• Hi Denise, thanks for your comment! I’m not actually a professional seamstress so I’m not sure how thick my needle was. 😛 I used a relatively thin one? I used organic cotton thread I bought through Etsy – and to tie the knots I put the needle through the top/batting/bottom, then came back up through the 3 layers, then tied a regular knot twice. I used the sewing machine to do the seam around the edges – I pressed the edges under and then sewed through the top and bottom layers. So far it has worn very well! The batting hasn’t shifted at all and none of the knots have come out. I’m planning to put it out in the sun this summer to let the wool lanolins self-clean it! So far I wouldn’t make any alterations! 🙂

      • So glad to know you are a novice, like me. 🙂 That makes this so much more accessible! Happy to hear it is still doing well. We just bought an organic latex bed and natural platform. My goal is to be 100% organic by the end of 2014 especially since it is a family bed. Many thanks again! Love your posts!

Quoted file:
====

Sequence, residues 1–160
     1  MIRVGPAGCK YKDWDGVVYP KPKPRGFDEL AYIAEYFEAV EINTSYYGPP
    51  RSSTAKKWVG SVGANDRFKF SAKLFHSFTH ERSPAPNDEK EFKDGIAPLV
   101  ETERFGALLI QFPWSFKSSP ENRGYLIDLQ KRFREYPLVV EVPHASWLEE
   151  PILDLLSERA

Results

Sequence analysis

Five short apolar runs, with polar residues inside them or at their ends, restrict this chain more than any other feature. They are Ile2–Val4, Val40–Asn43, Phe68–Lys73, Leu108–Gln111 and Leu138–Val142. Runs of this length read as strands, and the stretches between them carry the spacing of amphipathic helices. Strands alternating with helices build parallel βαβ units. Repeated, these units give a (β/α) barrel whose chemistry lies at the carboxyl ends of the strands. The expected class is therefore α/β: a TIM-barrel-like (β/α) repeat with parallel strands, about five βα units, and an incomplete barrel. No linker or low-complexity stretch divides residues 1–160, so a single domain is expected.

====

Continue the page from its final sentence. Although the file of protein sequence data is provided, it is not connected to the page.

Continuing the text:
• That is fantastic Denise! I am just finishing up a post reviewing several natural/organic pillows so perhaps that will be of interest to you! Stay tuned for that one. 🙂 Thanks for reading!

  2. Thank you so much for your reply! I love your posts! I am far from a professional as well 🙂 Glad to hear it held up! I am going to take a stab at it. Many many thanks again for your wonderful info 🙂

  3. Thank you so so much for sharing this! I definitely have no sewing skills but this has inspired me. I’m plannig on making a wool duvet for my King sized bed, but to start with I’m planning on using this same technique to make a papasan chair cushion (likely using 2 layers of extra thick batting). I did some searching around and I think I’ll try to order my batting from http://www.shepherdsdream.ca/product-info/raw-materials/ as it is a Canadian company. Looks like I’ll end up ordering my fabric from Organic Cotton Plus or Honey Be Good (both American unfortunately)